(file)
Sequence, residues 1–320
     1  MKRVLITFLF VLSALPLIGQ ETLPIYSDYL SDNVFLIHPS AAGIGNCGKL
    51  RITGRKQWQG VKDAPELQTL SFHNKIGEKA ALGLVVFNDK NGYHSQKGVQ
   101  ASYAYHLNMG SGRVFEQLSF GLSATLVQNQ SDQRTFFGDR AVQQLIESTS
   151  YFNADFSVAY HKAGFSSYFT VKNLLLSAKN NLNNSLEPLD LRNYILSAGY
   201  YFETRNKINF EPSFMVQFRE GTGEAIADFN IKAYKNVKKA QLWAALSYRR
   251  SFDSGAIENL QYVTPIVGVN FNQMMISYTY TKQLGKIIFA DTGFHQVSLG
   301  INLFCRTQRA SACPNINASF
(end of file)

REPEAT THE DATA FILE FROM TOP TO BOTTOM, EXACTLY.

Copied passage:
Sequence, residues 1–320
     1  MKRVLITFLF VLSALPLIGQ ETLPIYSDYL SDNVFLIHPS AAGIGNCGKL
    51  RITGRKQWQG VKDAPELQTL SFHNKIGEKA ALGLVVFNDK NGYHSQKGVQ
   101  ASYAYHLNMG SGRVFEQLSF GLSATLVQNQ SDQRTFFGDR AVQQLIESTS
   151  YFNADFSVAY HKAGFSSYFT VKNLLLSAKN NLNNSLEPLD LRNYILSAGY
   201  YFETRNKINF EPSFMVQFRE GTGEAIADFN IKAYKNVKKA QLWAALSYRR
   251  SFDSGAIENL QYVTPIVGVN FNQMMISYTY TKQLGKIIFA DTGFHQVSLG
   301  INLFCRTQRA SACPNINASF